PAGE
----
Archive for June 3rd, 2009

Hard news from COMPUTEX 2009

Wednesday, June 3rd, 2009

It looks like AMD has outrun NVIDIA today. Its World’s First Microsoft DirectX® 11 Graphics Processor, presented a few hours ago in Taipei, is currently the best hardware for Windows 7. Catch up, NVIDIA! However not many details of it suggested. At least enjoy the graphics:  

Password Usage Behavior Survey Announced

Wednesday, June 3rd, 2009

ElcomSoft is launching a survey intended to collect more information on how people handle their passwords, which remain a major way for user authentication. Whether you are ElcomSoft customer or haven’t seriously thought about password security, we hope you will answer our questions.

The questionnaire is well designed and if you have no time you can simply tick the matching answers which are prepared for your convenience. If you have a special experience to share or lots of thoughts on passwords, please take a while and use empty spaces provided for your own answers.

The survey is set to run for several weeks in order to cover more people, for we understand that summer is the best season for vacations. After the survey is completed and results calculated, we will release a full report with facts and figures. We tried to put sensible questions in the belief that results’ analysis will help us find out which questions should be better and more deeply highlighted in our articles, whitepapers, as well as in our blog.

This is the first our empirical research and we hope you will find it interesting and enjoyable. You definitely have your own opinion on passwords, and as you understand this survey is a perfect way for you to share that opinion. So what do you think? Be frank and open, take the questionnaire, and help us let others know about it.

 

Officers of Indian Customs To Be Punished For Password Breach

Wednesday, June 3rd, 2009

The Central Board of Excise and Customs of India claimed that compromised passwords are the biggest threat to system security. Despite elaborate instructions on passwords, which all employees are supposed to follow, “instances of password compromise continue to recur with unfailing regularity”, an unnamed official says.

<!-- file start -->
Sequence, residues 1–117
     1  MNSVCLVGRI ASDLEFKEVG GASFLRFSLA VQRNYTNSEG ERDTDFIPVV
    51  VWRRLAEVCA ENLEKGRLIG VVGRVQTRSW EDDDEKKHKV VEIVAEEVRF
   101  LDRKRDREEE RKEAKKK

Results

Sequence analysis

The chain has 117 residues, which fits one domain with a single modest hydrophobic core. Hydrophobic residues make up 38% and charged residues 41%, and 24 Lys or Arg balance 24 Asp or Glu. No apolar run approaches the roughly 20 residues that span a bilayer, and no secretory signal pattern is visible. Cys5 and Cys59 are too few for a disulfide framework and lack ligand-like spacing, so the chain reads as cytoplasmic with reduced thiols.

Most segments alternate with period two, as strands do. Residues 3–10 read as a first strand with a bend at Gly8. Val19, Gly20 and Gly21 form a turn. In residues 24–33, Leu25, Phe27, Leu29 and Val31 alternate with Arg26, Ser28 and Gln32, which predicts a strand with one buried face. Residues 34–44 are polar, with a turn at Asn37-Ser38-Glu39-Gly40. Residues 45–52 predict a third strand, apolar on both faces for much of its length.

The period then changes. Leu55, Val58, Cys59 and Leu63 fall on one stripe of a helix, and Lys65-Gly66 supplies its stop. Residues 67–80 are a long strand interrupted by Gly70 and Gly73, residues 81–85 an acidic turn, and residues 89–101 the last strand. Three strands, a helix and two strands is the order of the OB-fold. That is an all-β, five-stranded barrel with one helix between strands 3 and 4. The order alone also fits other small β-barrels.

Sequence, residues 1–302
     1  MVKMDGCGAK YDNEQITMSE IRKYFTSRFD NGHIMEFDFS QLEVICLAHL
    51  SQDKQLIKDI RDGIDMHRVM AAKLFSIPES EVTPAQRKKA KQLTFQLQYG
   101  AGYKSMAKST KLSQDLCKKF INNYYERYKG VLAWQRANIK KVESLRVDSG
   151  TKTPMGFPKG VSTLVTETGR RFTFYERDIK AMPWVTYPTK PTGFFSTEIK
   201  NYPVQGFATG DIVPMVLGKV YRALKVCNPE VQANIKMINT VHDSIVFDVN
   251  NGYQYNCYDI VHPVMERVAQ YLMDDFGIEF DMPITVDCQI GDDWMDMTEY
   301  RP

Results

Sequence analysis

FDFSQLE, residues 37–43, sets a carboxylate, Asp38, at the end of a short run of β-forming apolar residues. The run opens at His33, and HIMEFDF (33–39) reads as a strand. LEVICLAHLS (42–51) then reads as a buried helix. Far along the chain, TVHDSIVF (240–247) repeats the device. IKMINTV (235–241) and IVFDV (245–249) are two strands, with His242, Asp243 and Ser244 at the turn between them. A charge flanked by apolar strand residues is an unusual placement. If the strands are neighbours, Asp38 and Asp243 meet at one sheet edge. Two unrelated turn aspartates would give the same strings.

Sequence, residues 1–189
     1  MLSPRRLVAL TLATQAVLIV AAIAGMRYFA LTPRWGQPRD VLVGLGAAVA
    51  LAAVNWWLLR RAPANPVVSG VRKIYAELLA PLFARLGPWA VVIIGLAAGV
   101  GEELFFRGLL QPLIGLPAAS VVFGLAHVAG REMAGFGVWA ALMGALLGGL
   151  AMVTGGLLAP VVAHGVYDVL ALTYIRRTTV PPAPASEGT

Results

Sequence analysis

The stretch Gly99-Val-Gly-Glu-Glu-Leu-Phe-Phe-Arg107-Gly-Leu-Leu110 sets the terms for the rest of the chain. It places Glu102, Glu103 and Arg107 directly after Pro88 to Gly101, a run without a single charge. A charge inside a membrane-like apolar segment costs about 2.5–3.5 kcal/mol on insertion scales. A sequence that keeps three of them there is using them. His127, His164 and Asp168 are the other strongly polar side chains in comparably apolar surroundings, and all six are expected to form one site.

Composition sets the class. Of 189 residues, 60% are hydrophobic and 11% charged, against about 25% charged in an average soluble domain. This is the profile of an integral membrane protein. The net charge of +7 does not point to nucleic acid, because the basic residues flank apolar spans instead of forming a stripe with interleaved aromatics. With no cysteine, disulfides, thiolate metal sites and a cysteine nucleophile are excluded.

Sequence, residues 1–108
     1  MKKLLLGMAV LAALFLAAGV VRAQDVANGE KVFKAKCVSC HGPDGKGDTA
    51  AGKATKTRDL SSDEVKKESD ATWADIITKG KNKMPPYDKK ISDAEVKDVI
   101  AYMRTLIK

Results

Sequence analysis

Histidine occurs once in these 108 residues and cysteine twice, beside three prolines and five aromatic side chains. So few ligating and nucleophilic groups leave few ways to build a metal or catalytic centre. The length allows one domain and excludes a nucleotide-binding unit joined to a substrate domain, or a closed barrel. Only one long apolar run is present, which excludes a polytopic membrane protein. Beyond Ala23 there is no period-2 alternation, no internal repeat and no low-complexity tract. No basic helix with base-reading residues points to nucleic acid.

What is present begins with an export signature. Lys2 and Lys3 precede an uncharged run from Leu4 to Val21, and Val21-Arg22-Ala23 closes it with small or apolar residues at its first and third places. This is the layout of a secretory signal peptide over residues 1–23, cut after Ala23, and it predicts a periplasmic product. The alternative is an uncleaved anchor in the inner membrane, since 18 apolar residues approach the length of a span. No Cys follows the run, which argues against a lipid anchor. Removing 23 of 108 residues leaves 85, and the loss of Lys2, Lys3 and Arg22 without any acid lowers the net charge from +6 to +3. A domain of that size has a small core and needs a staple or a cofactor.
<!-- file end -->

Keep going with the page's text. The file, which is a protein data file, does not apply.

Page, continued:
Sharing of passwords was identified as one of the main reasons of unauthorized access and information leakage. According to CBEC representative, officers who share their passwords with others should “be regarded as being in collusion in the fraud that results”. To prevent insecure use of passwords CBEC plans to introduce a set of measures, including disciplinary action and even dismissal from the Government service.   

Penalty threat may not be the most effective solution. In case of password breach, complex countermeasures are required, and regular password audit is a significant part of it. If it is required that users change their passwords every 30 days, then system administrators have to perform password audits with the same regularity. There is a lot of both free and commercial auditing tools that allow to check password security.

Source: Business Line

Nvidia Unveils 1U Server With 2 Tesla GPUs On Board

Wednesday, June 3rd, 2009

The summer has begun, and as usual at this time of the year big companies present the results of hard work to the public. With Microsoft’s Bing and Google Wave flooding the news, you might have overlooked the joint release of NVIDIA and Supermicro. At Computex 2009 in Taipei, Taiwan, Nvidia and Supermicro announced

a new class of server that combines massively parallel NVIDIA® Tesla™ GPUs with multi-core CPUs in a single 1U rack-mount server.

According to the news text, the performance will increase 12 times compared to a traditional quad-core CPU-based 1U server. The new 1-unit solution combines 2 NVIDIA Tesla 1060 GPU cards with Dual Quad/Dual-Core Intel® Xeon® processors 5500 series, so you do not have to configure your machine as in case with Nvidia S1070 featuring four Tesla GPUs. The new server is based on Nvidia CUDA™ architecture.

It should be a very powerful solution and an expensive one too. However, we do not expect password recovery to benefit much from it. As we’ve mentioned many times before, password recovery is barely cost-effective when expensive hardware is involved in the process.

Read the press release